The basic 16×2 LCD is an extremely popular component that we’ve seen used in more projects than we could possibly count. Part of that is because modern microcontrollers make it so easy to work with; if you’ve got an I2C variant of the display, it only takes four wires to drive it. That puts printing a line of text on one of these LCDs a step or two above blinking an LED on a digital pin on the hierarchy of beginner’s electronics projects.

What’s that? Even four wires is too many? In that case, you might be interested in this hack from [Vinod] which shows how you can drive the classic 16×2 with data and power on the same pair of wires. You’ll still need a microcontroller “backpack” for the LCD to interpret the modulated voltage, but if you’ve got an application for a simple remote display, this is definitely worth checking out.

The basic idea is to “blink” the 5 V line so quick that a capacitor on the LCD side can float the electronics over the dips in voltage. As long as one of the pins of the microcontroller is connected to the 5 V line before the capacitor, it will be able to pick up when the line goes low. With a high enough data rate and a large enough capacitor as a buffer, you’re well on the way to encoding your data to be displayed.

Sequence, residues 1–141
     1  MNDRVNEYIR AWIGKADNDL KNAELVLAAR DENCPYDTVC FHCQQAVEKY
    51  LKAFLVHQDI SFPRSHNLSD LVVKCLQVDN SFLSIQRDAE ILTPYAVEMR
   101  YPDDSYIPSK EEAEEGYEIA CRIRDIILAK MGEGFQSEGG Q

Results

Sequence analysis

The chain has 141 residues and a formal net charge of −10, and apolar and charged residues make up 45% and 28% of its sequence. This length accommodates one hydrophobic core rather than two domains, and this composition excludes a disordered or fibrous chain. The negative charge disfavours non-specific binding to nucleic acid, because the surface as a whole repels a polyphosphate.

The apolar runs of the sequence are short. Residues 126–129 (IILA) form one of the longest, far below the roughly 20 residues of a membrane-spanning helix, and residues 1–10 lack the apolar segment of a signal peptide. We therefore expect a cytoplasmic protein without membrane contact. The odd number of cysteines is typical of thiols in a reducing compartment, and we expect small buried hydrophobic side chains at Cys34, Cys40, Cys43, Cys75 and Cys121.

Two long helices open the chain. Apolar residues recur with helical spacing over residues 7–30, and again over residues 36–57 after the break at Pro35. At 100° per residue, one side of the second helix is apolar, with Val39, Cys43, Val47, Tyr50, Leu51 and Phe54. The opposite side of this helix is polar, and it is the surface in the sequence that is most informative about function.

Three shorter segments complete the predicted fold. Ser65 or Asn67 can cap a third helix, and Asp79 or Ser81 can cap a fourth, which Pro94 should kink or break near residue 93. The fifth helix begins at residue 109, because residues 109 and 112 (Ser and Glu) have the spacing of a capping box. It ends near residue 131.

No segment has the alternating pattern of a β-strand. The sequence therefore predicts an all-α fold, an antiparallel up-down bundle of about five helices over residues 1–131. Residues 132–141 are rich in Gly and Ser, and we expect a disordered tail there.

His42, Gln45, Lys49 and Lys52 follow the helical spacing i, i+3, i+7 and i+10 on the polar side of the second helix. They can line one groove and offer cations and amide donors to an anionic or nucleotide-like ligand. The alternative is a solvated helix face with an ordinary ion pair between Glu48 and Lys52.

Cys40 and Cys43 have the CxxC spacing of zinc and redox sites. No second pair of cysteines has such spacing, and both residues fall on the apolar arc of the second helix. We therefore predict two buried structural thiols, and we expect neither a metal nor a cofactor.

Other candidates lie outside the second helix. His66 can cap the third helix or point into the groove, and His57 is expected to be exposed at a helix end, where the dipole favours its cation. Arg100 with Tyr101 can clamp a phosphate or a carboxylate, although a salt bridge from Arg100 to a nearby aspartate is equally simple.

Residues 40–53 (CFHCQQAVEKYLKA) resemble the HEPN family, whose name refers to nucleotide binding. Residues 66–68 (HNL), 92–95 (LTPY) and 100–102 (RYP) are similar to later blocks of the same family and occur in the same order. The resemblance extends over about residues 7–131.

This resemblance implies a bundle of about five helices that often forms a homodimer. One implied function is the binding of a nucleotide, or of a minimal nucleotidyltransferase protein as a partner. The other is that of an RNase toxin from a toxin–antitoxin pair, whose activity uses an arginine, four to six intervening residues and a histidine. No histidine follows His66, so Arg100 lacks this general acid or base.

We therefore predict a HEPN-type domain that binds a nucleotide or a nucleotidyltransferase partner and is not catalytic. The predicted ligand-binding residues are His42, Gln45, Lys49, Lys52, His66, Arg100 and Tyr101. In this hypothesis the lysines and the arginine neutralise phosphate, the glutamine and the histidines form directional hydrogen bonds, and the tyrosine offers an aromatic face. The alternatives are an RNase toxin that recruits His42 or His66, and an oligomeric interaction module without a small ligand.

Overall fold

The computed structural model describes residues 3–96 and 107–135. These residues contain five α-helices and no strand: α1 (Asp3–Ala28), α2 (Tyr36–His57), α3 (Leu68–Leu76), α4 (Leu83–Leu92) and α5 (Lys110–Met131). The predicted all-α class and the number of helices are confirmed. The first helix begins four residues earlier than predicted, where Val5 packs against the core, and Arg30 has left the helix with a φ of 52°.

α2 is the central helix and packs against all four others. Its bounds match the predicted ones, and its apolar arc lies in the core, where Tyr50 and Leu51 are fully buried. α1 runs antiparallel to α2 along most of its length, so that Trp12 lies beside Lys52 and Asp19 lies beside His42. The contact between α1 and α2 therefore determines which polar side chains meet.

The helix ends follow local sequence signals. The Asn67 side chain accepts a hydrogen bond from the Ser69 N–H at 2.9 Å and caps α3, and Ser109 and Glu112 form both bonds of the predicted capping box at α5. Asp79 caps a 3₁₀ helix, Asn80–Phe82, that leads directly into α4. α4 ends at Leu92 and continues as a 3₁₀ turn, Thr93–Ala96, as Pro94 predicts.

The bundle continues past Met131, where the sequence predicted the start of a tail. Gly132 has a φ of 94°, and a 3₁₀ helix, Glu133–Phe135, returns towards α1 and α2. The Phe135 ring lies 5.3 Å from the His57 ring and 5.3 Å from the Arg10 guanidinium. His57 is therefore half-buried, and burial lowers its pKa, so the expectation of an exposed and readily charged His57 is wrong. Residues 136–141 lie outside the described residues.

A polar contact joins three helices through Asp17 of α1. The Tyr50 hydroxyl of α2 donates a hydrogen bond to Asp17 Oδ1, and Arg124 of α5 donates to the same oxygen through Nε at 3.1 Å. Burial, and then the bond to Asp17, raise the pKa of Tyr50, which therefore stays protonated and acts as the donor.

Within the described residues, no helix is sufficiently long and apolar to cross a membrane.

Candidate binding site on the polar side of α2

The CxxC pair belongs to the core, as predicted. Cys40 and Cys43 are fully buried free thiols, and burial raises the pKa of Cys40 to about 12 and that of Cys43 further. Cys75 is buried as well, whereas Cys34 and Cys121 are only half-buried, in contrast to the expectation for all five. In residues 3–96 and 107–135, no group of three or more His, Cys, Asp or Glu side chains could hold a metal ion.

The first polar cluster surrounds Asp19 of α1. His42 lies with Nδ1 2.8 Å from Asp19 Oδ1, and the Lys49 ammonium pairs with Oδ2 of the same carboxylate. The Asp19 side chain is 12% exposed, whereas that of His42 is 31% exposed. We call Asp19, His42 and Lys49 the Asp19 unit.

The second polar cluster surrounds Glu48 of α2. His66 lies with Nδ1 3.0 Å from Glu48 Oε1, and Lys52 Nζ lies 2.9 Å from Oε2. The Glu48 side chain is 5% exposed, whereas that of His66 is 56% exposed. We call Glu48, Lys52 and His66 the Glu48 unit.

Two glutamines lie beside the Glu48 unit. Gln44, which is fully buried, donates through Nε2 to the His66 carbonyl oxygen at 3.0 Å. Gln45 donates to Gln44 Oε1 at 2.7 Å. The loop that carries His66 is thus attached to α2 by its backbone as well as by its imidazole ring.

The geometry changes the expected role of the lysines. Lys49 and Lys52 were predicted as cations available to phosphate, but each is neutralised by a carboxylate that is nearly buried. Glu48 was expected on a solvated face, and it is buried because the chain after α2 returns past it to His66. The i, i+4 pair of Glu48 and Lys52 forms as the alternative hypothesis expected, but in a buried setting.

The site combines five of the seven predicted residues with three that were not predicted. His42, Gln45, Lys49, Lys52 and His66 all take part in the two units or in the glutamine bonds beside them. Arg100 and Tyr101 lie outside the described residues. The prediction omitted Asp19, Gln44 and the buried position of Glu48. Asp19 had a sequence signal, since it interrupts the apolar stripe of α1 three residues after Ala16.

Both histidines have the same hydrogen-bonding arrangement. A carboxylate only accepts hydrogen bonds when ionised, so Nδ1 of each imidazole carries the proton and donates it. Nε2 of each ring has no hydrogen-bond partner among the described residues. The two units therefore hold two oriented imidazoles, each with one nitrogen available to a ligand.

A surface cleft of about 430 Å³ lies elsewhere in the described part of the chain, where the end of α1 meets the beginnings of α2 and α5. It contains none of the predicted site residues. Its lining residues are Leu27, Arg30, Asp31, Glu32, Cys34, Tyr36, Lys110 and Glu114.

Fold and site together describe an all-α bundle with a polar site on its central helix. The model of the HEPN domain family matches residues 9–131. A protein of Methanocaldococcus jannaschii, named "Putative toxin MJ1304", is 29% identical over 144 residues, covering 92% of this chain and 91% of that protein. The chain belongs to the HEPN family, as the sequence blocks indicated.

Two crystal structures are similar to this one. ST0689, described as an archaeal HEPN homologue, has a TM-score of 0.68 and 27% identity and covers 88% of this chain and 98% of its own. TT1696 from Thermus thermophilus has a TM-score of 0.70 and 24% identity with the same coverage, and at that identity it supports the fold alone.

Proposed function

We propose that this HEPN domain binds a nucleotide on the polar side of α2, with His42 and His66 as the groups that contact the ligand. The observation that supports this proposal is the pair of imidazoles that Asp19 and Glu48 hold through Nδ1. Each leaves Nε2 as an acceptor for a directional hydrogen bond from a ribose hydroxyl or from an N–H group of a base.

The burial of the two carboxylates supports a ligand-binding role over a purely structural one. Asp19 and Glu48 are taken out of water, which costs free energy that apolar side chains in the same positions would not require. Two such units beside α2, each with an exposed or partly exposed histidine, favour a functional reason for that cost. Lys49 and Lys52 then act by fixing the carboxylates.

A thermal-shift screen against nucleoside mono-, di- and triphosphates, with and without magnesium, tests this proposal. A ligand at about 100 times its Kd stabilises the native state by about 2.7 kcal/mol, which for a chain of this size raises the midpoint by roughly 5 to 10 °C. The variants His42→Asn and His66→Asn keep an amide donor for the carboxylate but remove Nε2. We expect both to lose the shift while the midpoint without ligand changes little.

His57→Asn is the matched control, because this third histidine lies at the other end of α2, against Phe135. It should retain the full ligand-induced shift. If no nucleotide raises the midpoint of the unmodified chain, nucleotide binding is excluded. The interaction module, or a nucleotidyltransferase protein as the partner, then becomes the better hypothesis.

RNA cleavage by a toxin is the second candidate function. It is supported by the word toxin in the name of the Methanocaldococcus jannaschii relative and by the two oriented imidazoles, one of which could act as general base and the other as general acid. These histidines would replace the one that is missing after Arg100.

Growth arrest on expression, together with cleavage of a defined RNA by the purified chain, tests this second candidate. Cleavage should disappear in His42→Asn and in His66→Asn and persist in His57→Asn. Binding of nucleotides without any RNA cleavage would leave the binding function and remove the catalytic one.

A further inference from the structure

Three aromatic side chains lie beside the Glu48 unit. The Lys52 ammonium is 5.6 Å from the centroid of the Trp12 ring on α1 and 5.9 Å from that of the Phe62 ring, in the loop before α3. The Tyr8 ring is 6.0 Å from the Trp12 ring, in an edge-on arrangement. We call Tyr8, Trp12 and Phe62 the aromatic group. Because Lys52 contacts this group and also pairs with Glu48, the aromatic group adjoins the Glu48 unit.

For the transmitting side, [Vinod] is using a Python script on his computer that’s sending out the text for the LCD over a standard USB to UART converter. That’s fed into a small circuit put together on a scrap of perfboard that triggers a MOSFET off of the UART TX line.

We actually covered the theory behind this technique years ago, but it’s always interesting to see somebody put together a real-world example. There might not be too many practical uses for this trick in the era of dirt-cheap microcontrollers bristling with I/O, but it might make a fun gag at your hackerspace.

Continue reading “Driving A 16×2 LCD With Voltage Modulation”

Musical Mod Lets MRI Scanner Soothe The Frazzled Patient

Hackers love to make music with things that aren’t normally considered musical instruments. We’ve all seen floppy drive orchestras, and the musical abilities of a Tesla coil can be ear-shatteringly impressive. Those are all just for fun, though. It would be nice if there were practical applications for making music from normally non-musical devices.